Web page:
Although Boettke himself has openly opposed the resurgence of exclusionary nationalism, it was out of such reflections such as his that the “populist” parties of Germany and Austria would emerge. Libertarians and neoliberals formed alliances with advocates of traditionalism, nationalism, and cultural homogeneity. Right-wing neoliberals in the new populist parties did not reject the dynamic of market competition; they deepened it. So-called “closed borders” libertarians continued to demand free movement for capital and goods — they simply drew a hard line against certain kinds of people.
Perhaps most striking about what we could call a New Fusionism is the way it blends neoliberal beliefs about the market with dubious claims of social psychology. The fixation on intelligence testing is especially notable. While one usually associates the term “cognitive capital” with French and Italian Marxists, neoliberals like Murray used it as far back as 1994 in The Bell Curve to describe what he believed to be the partially heritable group differences in intelligence that could be quantified as IQ. The German sociologist Erich Weede, co-founder of the Hayek Society (granted its Hayek Medal in 2012), following the race theorist Richard Lynn, understands intelligence as the primary determinant of economic growth. The wealth and poverty of nations is not explained by history but the intractable qualities of its populations, according to former Bundesbank board member Thilo Sarrazin, whose book Germany Does Itself In has sold over 1.5 million copies in Germany and spurred the success of Islamophobic parties like the AfD, whose program is titled “Don’t Do Germany In.” Sarrazin also cites Lynn and other intelligence researchers to argue against immigration from Muslim-majority countries on the basis of IQ.
An article about the rise of the far right in Germany published last year was titled “between Volk and capital.” But it might make more sense to combine them, as their proponents do themselves. We could call it a language of Volk capital. Right-wing neoliberals assign intelligence averages to countries in a way that collectivizes and renders innate the concept of “human capital.” They add overtones of values and traditions that cannot be captured statistically, shading into a language of national essences and national character. In November 2017, Thilo Sarrazin shared the stage with Erich Weede at the Hayek Society’s Freedom Forum in Berlin. Both speakers argued in favor of tight borders to preserve strong property rights and bemoaned the burden placed on state budgets by immigrants who “bring little or no human capital with them,” as Weede put it.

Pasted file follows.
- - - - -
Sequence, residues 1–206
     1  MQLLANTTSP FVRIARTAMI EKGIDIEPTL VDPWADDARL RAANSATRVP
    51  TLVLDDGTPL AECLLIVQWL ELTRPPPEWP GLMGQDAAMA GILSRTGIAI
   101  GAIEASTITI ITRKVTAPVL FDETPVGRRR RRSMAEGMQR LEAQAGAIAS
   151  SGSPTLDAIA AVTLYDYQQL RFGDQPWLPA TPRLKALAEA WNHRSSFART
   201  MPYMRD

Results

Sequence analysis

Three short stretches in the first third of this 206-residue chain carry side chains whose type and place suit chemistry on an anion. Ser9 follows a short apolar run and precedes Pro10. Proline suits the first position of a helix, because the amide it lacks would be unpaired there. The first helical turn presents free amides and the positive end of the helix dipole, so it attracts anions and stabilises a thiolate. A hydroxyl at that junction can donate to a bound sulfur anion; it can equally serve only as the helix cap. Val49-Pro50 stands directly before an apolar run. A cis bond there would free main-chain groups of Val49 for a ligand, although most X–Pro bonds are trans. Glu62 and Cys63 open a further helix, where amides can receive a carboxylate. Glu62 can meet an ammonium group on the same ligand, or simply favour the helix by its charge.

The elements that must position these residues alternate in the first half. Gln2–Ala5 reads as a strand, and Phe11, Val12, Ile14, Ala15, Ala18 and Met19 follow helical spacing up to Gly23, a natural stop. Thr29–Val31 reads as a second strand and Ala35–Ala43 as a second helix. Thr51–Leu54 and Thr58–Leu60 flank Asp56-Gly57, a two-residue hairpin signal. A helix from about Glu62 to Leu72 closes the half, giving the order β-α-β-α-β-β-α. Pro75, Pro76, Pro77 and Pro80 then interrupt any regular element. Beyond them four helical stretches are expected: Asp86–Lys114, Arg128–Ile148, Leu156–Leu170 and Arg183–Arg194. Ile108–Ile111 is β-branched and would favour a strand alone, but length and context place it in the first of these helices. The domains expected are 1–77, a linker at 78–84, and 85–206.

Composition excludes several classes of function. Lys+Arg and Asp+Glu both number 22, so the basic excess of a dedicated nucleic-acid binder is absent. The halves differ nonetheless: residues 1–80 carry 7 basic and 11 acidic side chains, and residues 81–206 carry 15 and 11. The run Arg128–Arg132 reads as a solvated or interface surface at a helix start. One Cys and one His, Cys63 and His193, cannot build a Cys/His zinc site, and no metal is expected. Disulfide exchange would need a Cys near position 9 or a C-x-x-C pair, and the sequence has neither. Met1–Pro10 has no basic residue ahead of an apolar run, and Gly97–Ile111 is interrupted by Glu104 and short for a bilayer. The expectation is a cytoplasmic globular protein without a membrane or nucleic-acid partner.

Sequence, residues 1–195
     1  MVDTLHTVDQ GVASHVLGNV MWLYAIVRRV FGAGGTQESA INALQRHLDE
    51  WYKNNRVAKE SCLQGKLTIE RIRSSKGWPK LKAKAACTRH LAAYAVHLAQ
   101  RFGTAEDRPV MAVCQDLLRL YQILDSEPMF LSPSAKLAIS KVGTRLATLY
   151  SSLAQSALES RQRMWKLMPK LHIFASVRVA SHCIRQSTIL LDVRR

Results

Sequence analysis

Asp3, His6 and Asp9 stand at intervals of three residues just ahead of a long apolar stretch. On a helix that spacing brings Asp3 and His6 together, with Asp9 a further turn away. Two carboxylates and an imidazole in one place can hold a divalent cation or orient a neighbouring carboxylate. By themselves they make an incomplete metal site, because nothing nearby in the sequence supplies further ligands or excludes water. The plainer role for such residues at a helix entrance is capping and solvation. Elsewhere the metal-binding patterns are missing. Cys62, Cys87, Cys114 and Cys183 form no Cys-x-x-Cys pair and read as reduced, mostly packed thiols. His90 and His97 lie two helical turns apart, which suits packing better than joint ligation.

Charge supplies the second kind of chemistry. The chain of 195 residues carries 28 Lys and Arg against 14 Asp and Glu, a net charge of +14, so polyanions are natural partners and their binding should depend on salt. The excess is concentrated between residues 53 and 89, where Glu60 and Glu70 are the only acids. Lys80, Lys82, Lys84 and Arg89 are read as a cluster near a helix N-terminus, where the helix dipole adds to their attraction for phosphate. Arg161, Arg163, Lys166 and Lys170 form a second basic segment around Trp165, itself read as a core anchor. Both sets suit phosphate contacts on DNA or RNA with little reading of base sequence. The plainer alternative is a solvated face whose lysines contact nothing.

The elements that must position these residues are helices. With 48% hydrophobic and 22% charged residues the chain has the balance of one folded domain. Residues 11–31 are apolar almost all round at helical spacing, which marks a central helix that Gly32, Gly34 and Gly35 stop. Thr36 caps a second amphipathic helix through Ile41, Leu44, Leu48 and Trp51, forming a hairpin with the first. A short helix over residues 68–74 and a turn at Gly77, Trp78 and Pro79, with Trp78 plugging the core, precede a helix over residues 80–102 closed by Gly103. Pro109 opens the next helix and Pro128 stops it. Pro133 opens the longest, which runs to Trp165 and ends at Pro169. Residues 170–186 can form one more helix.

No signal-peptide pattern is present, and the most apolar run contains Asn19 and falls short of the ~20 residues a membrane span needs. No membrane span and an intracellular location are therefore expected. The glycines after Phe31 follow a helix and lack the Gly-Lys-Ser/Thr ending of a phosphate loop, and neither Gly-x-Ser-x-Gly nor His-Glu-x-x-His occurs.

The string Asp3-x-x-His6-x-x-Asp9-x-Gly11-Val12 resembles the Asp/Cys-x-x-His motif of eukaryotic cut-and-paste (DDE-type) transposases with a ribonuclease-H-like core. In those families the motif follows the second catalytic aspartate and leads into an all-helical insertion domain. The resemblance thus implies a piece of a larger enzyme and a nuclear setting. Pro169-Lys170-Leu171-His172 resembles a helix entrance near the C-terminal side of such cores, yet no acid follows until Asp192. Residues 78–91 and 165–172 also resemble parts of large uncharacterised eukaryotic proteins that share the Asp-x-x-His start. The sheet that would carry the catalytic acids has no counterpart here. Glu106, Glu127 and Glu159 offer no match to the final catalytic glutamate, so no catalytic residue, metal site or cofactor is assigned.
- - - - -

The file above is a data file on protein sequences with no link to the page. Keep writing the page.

Weede and Sarrazin made another telling — and seemingly paradoxical — argument: that closed borders were necessary to save globalization. “Knowledge, goods and ideas” should be free to migrate, Sarrazin said. People, however, did not have to move “in large numbers.” That had already “brought nothing but deterioration.” While the extension of production chains and cross-border trade had led to the economic uplift of distant foreign populations as a group, immigration only helped the small number who made the risky voyage. “Even under pure humanitarian (Rawlsian) criteria,” Weede added, “it would be bad if mass migration threatened global free trade.” People must remain fixed so that capital and goods can be free.
In particular, the world’s poor needed to remain segregated from the world’s rich. When asked “what kind of immigration would be good,” Weede answered, “exactly the opposite of the kind we are getting.” To secure economic freedom and social stability and to avoid civil war, large-scale migration from African and Asian countries must end. Weede suggested two alternatives drawn from fellow Mont Pèlerin Society members. One was Gary Becker’s proposal of selling “the right to immigrate” for a fee. The second was Richard Posner’s proposal of IQ tests to screen would-be migrants. This was not a swing from open to closed, but a modified openness informed by neoliberal ideas of human capital, the knowledge economy, and the prerogatives of wealth and competition – ideas entirely at home on the peaks of Davos.
Reading the party programs of the AfD and Austrian Freedom Party, we find the rejection of economic globalization is highly selective. The EU is condemned but the language demanding increased trade and competitiveness is entirely mainstream. The AfD calls for trade agreements to be settled through the WTO and the lifting of barriers for exports from developing countries in the place of foreign aid transfers. Fiscal conservatism is taken to an absurd degree with criminal charges demanded for policymakers who overspend. Both parties call for school choice and an end to inheritance tax and burdensome regulations, even as they make new promises for social spending. Free market capitalism is not rejected but anchored more deeply in conservative family structures and in a group identity defined against an Islamic threat from the East. Aware of the resonances with the West German social market economy of the 1950s, the AfD self-consciously employs the same slogan as the country’s first Economics Minister and Mont Pelerin Society member Ludwig Erhard: “prosperity for all!”
Contemporary right-wing populism in Germany and Austria emerged within neoliberalism, not in opposition to it. This is not the wholesale rejection of globalism but a variety of it, one that accepts an international division of labor with robust cross-border flows of goods and even multilateral trade agreements while tightening controls on certain kinds of migration. As repellent as their politics may be, these populists are not barbarians at the gates of neoliberal globalism but the offspring of that line of thought itself.
The reported clash of opposites is actually a family feud.
Quinn Slobodian is associate professor of history at Wellesley College. His most recent book is Globalists: The End of Empire and the Birth of Neoliberalism (Harvard University Press, 2018).